Eye degeneration in the blind cave-dwelling fish Phreatichthys andruzzii

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Abstract:

The blind cave-dwelling fish Phreatichthys andruzzii shows rapid eye development, and at a temperature of 29.5°C, maximal eye differentiation is reached 36 h after egg laying. Very rapid eye degeneration then occurs, and a rudimentary and very degenerated ocular cyst is all that remains 1 month later. This may explain why this species has so often been erroneously considered anophthalmic. Ocular degeneration starts with a decrease in the rate of mitosis in the neuroblastic cells of the retinal Anlage. Degeneration by means of lytic processes is clearly observed beginning 32 h after egg laying. Disappearance of the lens, transformation of the cornea into skin, and cryptic degeneration of the eyes are phenotypic variations of the fundamental mechanisms of eye development in vertebrates. These can be considered evolutionary adaptations by the ancestral fishes to the aphotic cave environment.

Chez Phreatichthys andruzzii, un poisson cavernicole aveugle, nous observons un développement oculaire ultra-rapide à 29.5°C. Il atteint son développement maximum 36 h après la ponte. Nous observons ensuite une dégénérescence très poussée des yeux. Un mois après la ponte, il ne persiste qu'un kyste oculaire rudimentaire et très dégénératif. Ceci pourrait expliquer pourquoi cette espèce a été faussement considérée comme anophthalme. La dégénérescence oculaire, dès le stade neurula, se traduit par une diminution du taux des mitoses des cellules neuroblastiques de l'ébauche rétinienne. Elle se manifeste visiblement, à partir du stade 32 h après la ponte, par des processus lytiques. La disparition du cristallin, la transformation de la cornée en peau, la dégénérescence cryptique des yeux sont des variations phénotypiques des mécanismes de base du développement de l'oeil des vertébrés. Ces variations peuvent être considérées comme des réponses évolutives des formes ancestrales lors de leur adaptation au milieu souterrain.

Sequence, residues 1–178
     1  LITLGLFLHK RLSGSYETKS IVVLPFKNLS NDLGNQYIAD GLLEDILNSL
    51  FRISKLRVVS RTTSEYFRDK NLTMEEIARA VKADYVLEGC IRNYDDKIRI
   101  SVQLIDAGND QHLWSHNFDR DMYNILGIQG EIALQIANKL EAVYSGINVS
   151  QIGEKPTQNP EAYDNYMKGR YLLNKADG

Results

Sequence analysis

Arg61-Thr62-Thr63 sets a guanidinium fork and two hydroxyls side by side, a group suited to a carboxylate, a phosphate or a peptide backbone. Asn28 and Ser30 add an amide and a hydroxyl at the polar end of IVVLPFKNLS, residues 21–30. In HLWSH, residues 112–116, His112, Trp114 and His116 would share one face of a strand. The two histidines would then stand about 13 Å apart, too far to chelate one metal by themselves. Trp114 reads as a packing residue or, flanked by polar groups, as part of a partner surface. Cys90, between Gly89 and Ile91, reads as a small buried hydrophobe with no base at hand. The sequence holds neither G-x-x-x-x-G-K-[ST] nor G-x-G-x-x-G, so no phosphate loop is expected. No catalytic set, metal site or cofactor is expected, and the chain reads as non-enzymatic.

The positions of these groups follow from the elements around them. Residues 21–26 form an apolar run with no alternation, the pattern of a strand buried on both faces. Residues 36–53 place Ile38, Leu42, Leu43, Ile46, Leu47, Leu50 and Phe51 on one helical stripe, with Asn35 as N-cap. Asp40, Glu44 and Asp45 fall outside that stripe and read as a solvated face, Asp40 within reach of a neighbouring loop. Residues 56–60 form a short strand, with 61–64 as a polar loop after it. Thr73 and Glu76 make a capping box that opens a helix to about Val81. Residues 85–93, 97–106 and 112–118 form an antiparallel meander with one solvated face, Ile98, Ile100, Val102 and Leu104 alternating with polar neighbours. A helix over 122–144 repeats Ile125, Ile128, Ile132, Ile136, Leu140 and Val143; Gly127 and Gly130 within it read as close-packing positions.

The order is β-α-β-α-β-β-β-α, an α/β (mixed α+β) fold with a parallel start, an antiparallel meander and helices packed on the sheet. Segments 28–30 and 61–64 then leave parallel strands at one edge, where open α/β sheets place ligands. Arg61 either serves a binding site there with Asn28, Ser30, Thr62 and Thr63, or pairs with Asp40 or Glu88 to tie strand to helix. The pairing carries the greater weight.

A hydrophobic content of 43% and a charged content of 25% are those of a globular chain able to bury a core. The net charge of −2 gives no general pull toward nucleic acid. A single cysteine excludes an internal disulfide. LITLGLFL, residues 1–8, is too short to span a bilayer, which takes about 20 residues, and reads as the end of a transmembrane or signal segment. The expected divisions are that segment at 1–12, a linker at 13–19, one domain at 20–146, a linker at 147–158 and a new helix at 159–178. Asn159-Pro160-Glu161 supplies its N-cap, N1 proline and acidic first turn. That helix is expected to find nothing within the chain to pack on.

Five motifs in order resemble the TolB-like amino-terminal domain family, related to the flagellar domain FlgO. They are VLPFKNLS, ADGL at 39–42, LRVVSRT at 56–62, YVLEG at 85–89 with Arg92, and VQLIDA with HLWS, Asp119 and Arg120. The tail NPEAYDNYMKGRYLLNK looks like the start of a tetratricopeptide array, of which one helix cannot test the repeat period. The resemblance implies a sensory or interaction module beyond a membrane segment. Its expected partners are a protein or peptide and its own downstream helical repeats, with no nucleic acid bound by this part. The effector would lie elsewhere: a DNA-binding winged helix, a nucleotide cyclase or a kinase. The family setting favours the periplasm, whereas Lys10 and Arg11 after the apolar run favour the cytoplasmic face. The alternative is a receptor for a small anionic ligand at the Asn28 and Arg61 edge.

Document Type: Research Article

Publication date: July 1, 2001

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  • Published since 1929, this monthly journal reports on primary research contributed by respected international scientists in the broad field of zoology, including behaviour, biochemistry and physiology, developmental biology, ecology, genetics, morphology and ultrastructure, parasitology and pathology, and systematics and evolution. It also invites experts to submit review articles on topics of current interest.
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